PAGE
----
Their third grade responses varied depending on the size of their world view. Have more vacations. Make war illegal. Have less homework. Assigned seats on the school bus. More singing.
Their answers were humorous, but the question is an important one.
How would “you” as a responsible adult answer? What do “you” think would improve the world we live in?
After some thought I decided the thing that would most improve the world we live in would be the concept of “keep it simple.”
Let me explain what I mean.
What if we thought of a problem we’d like to solve, and then simply focused “on what we could agree upon.” In other words, “we would keep all of our energy focused on looking for common ground.”
This simple approach to problem solving would lead to a more effective use of our time together. It would foster a greater sense of cooperation and teamwork, and create a more peaceful and creative conversation.
I could be wrong, but it seems to me focusing on what we “don’t” agree upon is rarely a helpful use of our collective time and energy.
Problem solving by thinking of all the things we don’t agree on only gives our primitive ego permission to enthusiastically offer opinions on how we think it “should” be. When others don’t agree with us, we spend an enormous amount of time and argumentative energy trying to convince them that “we” are right.
We seem to be programmed to take offense when others disagree with us. Our primitive ego behaves as though others are challenging “us personally”, not our belief or opinion.
When we disagree with others, they feel the same way.
In other words, when we begin our problem solving by focusing on what we don’t agree on, the conversation quickly turns toxic, an atmosphere of conflict grows, and everyone become defensive.
We feel criticized, we become inflexible, our conversational tone quickly becomes annoyed and aggressive. The result is gridlock, conflict, and stressed or broken relationships.
Not a very happy or peaceful outcome. Definitely not a process that leads to creative solutions.
So lets back up for a minute and attempt to “keep it simple”.
What if all our problem solving conversations were “required” to stay emotionally and cognitively focused on the things everyone could agree upon?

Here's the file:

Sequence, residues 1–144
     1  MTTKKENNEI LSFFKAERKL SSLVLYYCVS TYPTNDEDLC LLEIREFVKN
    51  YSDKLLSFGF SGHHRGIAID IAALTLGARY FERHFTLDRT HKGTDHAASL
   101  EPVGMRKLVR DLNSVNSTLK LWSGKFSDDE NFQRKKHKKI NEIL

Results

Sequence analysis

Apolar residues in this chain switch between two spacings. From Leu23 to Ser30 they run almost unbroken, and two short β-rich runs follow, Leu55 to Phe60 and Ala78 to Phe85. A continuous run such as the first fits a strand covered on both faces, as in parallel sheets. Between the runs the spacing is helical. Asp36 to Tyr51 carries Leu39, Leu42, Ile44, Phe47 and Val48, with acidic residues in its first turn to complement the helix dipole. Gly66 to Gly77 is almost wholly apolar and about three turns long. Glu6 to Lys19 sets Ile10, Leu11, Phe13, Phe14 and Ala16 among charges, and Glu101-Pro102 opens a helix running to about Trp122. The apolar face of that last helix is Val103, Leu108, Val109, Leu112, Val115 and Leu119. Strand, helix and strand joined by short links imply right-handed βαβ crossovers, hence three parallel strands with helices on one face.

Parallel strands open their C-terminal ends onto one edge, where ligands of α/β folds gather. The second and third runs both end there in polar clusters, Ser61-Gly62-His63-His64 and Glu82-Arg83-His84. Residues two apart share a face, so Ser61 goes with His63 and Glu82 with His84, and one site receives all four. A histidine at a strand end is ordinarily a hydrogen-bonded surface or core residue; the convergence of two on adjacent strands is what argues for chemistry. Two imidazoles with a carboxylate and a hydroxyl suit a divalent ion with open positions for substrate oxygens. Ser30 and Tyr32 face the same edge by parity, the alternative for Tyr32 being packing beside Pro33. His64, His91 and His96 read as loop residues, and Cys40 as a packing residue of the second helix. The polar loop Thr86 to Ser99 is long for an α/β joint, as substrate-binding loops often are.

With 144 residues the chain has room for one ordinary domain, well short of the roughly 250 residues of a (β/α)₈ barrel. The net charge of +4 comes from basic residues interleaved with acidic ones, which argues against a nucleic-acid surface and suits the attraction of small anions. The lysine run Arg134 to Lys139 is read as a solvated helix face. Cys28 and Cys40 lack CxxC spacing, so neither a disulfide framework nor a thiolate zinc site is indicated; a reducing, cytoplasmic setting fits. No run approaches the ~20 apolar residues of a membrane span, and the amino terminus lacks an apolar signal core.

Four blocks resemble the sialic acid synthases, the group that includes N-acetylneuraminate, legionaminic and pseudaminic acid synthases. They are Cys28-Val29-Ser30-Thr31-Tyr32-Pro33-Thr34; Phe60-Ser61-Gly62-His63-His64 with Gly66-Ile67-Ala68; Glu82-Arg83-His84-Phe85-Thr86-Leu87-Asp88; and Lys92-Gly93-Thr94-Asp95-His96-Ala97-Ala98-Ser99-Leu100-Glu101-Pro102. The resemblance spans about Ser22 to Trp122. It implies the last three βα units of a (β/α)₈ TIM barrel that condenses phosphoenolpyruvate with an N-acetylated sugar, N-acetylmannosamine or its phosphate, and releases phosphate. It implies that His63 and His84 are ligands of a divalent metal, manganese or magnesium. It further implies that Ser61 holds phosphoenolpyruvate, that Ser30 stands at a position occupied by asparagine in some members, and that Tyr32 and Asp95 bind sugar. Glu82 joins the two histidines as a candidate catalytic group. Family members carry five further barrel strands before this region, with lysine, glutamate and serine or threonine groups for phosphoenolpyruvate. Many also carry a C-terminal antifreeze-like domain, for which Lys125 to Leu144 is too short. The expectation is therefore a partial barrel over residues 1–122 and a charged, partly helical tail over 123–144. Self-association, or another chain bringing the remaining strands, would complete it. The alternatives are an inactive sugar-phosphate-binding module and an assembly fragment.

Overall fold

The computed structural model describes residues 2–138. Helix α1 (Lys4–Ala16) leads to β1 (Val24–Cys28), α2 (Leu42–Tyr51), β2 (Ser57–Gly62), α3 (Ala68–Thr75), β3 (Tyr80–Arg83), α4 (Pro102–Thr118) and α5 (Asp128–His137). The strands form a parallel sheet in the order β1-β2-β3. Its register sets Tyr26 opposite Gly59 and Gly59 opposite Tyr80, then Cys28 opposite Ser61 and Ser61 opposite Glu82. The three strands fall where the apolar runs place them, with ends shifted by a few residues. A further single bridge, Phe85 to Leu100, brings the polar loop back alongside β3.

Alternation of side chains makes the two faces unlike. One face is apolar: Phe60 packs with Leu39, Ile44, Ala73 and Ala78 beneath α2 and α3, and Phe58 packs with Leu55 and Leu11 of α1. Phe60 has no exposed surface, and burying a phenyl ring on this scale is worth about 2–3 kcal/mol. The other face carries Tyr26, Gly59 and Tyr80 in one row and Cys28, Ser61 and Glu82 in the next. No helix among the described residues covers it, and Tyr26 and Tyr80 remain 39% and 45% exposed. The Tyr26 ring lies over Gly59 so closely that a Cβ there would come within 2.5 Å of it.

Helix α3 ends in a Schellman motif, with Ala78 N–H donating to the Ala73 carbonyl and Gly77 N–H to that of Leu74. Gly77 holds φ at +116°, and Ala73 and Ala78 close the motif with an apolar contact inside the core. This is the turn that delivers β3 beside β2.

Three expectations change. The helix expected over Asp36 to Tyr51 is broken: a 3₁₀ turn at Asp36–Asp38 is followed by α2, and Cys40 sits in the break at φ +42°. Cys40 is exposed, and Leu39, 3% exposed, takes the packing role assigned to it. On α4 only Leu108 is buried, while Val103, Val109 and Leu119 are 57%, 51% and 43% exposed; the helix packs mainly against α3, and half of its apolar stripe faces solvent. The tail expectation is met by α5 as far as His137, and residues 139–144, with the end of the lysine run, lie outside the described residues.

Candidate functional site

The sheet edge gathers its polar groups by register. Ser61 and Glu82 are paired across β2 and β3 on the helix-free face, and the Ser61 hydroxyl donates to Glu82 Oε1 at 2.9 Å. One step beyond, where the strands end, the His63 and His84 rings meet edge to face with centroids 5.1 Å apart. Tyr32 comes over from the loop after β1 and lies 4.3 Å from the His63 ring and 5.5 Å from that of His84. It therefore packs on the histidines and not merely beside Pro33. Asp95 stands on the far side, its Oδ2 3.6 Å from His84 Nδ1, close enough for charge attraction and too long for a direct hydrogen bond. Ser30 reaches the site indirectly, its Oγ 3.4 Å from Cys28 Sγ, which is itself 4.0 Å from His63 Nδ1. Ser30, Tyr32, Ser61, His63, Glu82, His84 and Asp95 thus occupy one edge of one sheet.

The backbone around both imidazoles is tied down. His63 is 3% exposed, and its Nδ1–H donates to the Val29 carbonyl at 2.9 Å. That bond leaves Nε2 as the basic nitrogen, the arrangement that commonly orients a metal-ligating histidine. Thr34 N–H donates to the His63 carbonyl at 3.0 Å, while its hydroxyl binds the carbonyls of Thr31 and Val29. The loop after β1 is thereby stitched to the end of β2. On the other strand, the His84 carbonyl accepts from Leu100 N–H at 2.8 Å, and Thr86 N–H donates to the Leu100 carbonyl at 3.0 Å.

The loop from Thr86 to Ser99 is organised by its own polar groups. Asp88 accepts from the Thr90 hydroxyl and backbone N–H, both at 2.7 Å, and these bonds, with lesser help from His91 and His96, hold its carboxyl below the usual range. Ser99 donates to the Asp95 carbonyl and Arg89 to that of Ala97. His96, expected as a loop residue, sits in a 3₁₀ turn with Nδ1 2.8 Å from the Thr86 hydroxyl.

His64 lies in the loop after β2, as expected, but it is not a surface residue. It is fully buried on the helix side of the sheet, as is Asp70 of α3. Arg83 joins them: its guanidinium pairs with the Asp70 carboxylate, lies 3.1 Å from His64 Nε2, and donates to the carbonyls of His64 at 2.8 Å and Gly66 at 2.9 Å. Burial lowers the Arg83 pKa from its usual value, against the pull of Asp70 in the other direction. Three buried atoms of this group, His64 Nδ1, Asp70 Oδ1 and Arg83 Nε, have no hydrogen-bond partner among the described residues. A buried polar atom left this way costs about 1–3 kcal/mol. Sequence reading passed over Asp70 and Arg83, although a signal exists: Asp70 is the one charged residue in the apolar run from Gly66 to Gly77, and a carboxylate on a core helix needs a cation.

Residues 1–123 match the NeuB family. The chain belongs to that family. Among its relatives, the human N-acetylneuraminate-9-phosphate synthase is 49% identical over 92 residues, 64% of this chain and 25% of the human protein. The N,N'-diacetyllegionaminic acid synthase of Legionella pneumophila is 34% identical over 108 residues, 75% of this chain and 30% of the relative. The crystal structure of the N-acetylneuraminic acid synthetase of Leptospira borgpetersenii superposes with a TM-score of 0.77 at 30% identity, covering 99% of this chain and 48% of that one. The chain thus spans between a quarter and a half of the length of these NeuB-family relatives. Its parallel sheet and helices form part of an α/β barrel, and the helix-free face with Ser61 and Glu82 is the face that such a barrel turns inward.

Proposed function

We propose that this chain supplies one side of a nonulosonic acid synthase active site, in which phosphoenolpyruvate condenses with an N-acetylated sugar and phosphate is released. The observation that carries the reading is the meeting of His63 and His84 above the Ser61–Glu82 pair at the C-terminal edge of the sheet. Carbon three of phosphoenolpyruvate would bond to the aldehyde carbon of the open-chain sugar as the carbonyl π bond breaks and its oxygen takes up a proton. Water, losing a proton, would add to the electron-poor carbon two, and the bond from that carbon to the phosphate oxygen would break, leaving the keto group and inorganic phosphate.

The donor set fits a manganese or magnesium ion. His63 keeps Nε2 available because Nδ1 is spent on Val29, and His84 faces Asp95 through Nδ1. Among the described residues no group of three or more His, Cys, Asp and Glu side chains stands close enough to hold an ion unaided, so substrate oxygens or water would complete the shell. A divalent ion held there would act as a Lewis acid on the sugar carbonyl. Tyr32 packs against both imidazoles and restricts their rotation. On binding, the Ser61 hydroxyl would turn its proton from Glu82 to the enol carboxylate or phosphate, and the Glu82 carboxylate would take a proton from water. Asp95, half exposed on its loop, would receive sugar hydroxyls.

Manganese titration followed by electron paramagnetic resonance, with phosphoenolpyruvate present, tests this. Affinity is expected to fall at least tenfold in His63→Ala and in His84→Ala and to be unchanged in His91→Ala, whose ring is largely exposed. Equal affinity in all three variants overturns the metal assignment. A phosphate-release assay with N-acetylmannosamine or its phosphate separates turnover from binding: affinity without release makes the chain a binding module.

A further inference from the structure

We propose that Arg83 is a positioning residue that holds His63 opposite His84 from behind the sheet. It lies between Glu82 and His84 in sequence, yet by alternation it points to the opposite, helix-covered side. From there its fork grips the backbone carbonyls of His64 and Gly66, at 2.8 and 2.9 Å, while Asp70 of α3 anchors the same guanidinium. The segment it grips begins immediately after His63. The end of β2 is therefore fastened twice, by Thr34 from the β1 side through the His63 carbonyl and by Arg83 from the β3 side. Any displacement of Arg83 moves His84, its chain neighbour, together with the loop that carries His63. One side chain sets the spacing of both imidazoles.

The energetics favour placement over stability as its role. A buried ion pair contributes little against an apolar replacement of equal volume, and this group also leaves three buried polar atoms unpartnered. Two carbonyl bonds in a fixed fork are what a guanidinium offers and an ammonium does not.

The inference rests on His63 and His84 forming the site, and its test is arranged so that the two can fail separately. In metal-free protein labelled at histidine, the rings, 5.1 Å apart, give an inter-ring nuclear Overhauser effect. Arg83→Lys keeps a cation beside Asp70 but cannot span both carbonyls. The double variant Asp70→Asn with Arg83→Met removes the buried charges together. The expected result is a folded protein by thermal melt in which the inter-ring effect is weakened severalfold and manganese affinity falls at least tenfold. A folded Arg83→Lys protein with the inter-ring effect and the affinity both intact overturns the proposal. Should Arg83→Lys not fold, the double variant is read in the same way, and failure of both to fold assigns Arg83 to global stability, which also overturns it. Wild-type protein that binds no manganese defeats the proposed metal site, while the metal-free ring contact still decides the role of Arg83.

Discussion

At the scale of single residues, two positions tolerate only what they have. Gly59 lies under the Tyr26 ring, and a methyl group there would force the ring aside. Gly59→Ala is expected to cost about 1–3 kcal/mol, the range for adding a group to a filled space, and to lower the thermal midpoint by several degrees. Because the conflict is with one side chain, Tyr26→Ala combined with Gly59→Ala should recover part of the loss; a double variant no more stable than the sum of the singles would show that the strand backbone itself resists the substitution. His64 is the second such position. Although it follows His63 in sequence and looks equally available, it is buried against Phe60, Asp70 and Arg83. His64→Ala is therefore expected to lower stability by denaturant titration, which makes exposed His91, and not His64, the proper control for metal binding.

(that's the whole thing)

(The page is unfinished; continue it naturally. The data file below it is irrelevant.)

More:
Instead of bitter partisan arguments over what they disagree on, our politicians would be “required” to focus on what they “do” agree upon.
Whenever they are unable to agree on a particular issue, instead of focusing on the disagreement, they would be “required” to keep looking for small solutions they “could” agree on.
Let’s look at another example.
“Keep it simple” could eliminate much of the violence and conflict created by our mainline religions. Instead of worrying about all the things they “don’t” agree on, they would be “required” to focus all of their energy on the things they do agree on——compassion, peace, justice, service, caring for others, and unconditional love.
What they don’t agree upon would no longer be an issue. They would be too busy “keeping it simple” and working together to make the world a better place to live.
I don’t believe my “keep it simple” idea to improve the world is a pollyanna suggestion.
I know there are different ideas and solutions to the complex problems that face us, but pouring concrete on what we “don’t” agree on is definitely not a helpful way to search for creative solutions.
When our problem solving process creates negative energy, conflict, and lack of civility, it’s inevitable that we are going to create conflict, gridlock, and violence.
Happiness, cooperation, and finding creative solutions to the problems that face us must include the values of empathy and mutuality.
As we move together into the future, I believe we “can” learn to work together, and find creative ways to improve the world.
But we have to “keep it simple”.
Do you agree?.